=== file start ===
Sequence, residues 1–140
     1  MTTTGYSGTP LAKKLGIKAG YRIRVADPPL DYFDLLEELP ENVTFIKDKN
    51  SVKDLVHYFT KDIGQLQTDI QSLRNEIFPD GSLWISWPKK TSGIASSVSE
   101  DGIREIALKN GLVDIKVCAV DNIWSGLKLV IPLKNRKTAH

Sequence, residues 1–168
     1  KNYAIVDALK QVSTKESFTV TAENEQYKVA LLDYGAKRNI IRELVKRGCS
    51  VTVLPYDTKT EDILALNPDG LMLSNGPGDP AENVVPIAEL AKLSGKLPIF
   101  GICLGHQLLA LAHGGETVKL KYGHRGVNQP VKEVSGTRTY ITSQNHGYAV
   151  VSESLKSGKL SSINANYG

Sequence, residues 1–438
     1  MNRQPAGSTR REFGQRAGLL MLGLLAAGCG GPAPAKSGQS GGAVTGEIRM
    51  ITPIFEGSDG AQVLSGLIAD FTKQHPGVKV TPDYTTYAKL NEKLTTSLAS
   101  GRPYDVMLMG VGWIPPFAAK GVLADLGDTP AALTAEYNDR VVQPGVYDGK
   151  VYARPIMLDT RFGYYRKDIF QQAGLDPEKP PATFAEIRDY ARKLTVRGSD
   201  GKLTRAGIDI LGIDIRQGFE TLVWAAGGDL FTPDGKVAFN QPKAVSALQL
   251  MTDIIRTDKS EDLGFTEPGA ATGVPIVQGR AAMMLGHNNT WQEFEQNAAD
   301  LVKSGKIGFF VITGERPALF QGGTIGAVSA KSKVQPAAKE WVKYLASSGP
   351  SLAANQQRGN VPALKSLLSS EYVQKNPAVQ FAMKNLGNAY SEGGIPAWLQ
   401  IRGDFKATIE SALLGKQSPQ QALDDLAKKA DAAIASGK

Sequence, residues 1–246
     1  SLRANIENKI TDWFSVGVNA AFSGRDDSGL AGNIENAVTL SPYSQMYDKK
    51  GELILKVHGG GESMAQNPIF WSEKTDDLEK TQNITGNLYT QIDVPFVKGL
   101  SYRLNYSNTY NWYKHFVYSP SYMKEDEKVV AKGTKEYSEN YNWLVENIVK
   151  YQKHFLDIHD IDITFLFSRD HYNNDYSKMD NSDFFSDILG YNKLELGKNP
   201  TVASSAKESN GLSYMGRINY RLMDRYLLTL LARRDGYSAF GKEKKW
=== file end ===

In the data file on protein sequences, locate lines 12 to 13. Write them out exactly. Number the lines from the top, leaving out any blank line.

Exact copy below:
    51  ITPIFEGSDG AQVLSGLIAD FTKQHPGVKV TPDYTTYAKL NEKLTTSLAS
   101  GRPYDVMLMG VGWIPPFAAK GVLADLGDTP AALTAEYNDR VVQPGVYDGK